Winners Announced in the 'Junior Post-Doctoral Scholars in the Study of Democracy' Competition

Nov 30, 2005

The Latin American Program of the Woodrow Wilson International Center for Scholars and the Ford Foundation is pleased to announce that the competition for Junior Post-Doctoral Scholars in the Study of Democracy in Latin America is officially closed and the winners have been selected.


The following eight individuals have been awarded grants to particpate as Junior Scholars in the Study of Democracy in Latin America. We congratulate them and look forward to working with them in the near future.


Winners of the 'Junior Post-Doctorate Scholars in the Study of Democracy Competition':

Eduardo Aleman and Ernesto Calvo (United States and Argentina)

David Altman (Uruguay)

Laura Flamand (Mexico)

Tanya Golash-Boza (United States)

Manuela Picq (Brazil)

Alejandro Poire (Mexico)

Anny Rivera-Ottenberger (Chile)

Barbara Sutton (Argentina)



We were thrilled with the level of interest in the competition and we recieved over 150 applications from 19 countries. Thank you to those who applied for your interest and dedication to democracy in Latin America.


Background. In October 2004, the Latin American Program held a conference to celebrate the twenty-fifth anniversary of the project Transitions from Authoritarian Rule. The conference included an extended workshop among some of the leading scholars of democracy to take stock of where the discussion of democracy had gone and what remained to be said and studied. As a conclusion to that exchange, it was decided to stimulate innovative work among relatively junior members of the academic profession and to focus attention on democracy in Latin America.

Subjects for study. Grants will be awarded for studies of democracy in Latin America that deal with one or more of the following subjects:
·Citizenship and rights – political, civil, social, cultural, communal
·Poverty and inequality – do democracies have special advantages or obligations in dealing with these social problems
·Reforms of the state – for whom, by whom, to what purpose
·Representation and accountability – how can they be improved
·Local government, including cities – are these sites of democratic governance or the last redoubts of patronage and populism
·The international context – what effect does it have on Latin American democracies.

The studies must be of publishable quality, as determined by the editorial committee of the project; they must be the equivalent of an article in a major scholarly journal or a chapter in a book; that is, approximately 7,500 to 10,000 words. The papers may be written in English, Spanish or Portuguese.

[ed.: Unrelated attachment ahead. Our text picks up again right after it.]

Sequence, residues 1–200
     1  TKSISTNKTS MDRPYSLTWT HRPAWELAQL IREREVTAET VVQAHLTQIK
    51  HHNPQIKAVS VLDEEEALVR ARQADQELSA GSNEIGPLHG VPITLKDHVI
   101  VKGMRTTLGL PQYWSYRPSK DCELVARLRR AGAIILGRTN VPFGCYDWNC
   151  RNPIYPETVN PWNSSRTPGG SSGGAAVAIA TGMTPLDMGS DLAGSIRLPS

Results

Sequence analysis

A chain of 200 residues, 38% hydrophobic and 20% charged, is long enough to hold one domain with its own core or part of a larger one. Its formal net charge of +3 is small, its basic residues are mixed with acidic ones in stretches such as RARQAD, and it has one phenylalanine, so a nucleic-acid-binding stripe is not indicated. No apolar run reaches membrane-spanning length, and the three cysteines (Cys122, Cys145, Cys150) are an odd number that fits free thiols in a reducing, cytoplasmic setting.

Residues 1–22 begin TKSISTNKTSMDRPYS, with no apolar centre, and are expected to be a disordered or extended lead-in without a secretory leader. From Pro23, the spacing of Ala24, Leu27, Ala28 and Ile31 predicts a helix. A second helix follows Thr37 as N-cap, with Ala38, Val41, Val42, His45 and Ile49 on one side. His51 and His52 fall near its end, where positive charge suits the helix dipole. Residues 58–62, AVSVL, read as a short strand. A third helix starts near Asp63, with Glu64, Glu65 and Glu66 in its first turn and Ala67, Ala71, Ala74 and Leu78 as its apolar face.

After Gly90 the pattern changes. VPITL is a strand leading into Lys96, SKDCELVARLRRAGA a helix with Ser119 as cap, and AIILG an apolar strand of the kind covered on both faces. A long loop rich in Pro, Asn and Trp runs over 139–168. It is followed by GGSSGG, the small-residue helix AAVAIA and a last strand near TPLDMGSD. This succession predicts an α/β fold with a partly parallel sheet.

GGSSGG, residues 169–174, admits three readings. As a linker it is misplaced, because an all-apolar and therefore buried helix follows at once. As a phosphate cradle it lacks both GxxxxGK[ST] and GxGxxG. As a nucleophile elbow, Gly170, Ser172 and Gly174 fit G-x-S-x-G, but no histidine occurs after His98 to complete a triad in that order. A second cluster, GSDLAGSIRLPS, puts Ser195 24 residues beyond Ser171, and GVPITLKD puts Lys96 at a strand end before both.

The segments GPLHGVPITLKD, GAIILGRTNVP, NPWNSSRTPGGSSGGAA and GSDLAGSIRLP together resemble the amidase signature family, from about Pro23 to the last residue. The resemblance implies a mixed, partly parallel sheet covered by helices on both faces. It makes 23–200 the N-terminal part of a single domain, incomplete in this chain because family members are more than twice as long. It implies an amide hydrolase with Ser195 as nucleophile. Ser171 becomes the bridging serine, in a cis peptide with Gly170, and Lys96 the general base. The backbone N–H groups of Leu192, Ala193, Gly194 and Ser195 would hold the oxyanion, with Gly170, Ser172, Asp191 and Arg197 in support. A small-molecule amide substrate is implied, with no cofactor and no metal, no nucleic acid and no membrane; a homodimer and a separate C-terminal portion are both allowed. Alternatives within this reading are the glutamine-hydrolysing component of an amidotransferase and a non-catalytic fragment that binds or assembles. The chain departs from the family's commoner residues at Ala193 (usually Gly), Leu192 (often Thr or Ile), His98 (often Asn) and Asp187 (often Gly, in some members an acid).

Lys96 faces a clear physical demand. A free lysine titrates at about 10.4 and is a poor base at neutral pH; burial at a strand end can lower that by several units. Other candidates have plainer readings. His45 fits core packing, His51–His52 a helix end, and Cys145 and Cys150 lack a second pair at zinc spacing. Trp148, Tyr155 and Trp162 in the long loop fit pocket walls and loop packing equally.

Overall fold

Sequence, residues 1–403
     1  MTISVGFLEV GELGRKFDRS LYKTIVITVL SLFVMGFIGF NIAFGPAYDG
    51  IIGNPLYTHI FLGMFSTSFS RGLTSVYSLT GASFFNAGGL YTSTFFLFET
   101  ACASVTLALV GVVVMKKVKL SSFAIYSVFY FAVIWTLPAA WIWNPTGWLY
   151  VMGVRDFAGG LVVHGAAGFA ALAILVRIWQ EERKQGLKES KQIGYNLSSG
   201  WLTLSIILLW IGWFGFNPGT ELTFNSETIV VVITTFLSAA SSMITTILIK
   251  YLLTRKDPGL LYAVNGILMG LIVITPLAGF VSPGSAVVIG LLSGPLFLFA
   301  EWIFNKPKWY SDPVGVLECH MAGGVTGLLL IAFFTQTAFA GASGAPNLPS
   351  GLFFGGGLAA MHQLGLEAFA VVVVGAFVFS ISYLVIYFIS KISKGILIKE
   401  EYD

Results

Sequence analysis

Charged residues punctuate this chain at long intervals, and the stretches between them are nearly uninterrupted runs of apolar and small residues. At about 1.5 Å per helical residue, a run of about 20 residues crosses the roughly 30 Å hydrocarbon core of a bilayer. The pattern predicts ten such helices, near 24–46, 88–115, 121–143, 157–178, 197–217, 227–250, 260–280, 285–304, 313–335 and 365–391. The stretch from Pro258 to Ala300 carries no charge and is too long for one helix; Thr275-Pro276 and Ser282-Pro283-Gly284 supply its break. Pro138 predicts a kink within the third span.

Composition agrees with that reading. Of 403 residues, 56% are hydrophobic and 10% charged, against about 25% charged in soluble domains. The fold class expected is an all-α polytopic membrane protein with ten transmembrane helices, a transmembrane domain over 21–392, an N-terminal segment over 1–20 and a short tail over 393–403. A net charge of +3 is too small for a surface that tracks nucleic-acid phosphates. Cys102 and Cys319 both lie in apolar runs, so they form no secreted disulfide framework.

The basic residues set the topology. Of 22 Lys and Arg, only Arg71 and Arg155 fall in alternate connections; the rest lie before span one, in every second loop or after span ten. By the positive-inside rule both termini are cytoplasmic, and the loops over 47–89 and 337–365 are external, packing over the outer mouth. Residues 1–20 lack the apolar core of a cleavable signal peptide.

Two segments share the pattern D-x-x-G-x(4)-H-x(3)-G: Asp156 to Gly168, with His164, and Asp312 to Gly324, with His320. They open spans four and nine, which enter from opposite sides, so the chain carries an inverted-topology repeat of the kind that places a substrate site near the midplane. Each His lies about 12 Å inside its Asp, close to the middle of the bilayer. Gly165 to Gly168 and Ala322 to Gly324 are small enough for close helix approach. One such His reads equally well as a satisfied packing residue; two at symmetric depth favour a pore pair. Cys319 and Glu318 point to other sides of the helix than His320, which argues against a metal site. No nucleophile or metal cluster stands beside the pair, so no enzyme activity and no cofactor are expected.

Applicants. Applicants for these grants may be citizens of any country in the hemisphere – Canada, the United States, Latin America and the Caribbean. To be eligible, applicants must have received their PhD within five years from the date the competition closes. In very exceptional cases, applicants from Latin America who have not completed formal doctoral studies will be considered if they are in an equivalent stage of their academic careers.

Applications. Applications will be due no later than September 30, 2005. Application materials must include a curriculum vitae, a proposal of no more than 2,000 words, including bibliography, proof of the date of receipt of the PhD or its equivalent, and two letters of recommendation from senior colleagues who are familiar with your work. The proposal statement should indicate why your project is important and innovative, either in terms of advancing existing lines or inquiry or proposing new ones. Applications may be submitted in English, Spanish, or Portuguese. The letters of recommendation should be sent directly to the Wilson Center, to the attention of

The Director
Latin American Program
Woodrow Wilson Center
1300 Pennsylvania Avenue NW
Washington, DC 20004.

Applicants are responsible for insuring that letters of recommendation arrive on time.

The grant. Eight (8) grants will be awarded. The grant period will be nine months, November 1, 2005 to July 31, 2006. This grant does not anticipate residence in the Woodrow Wilson Center. Grantees may continue in residence at their home institutions or in any other location. The stipend will be in the amount of $10,000, one quarter paid upon awarding the grant (as soon after October 31, 2005 as possible), one half upon delivery of the draft of the paper (no later than February 15, 2006), and one quarter upon approval of the final study. The final version of the study will be due July 31, 2005. The Wilson Center will have right of first refusal to publish the studies written under this grant. In addition, grantees will be asked to attend a workshop in Santiago, Chile at the end of February 2006, at which their drafts will be discussed by their fellow grantees and a few distinguished senior scholars.

Administration. The grant competition will be administered by the Latin American Program of the Wilson Center. Questions should be directed to lap@wwic.si.edu or 202-691-4078.

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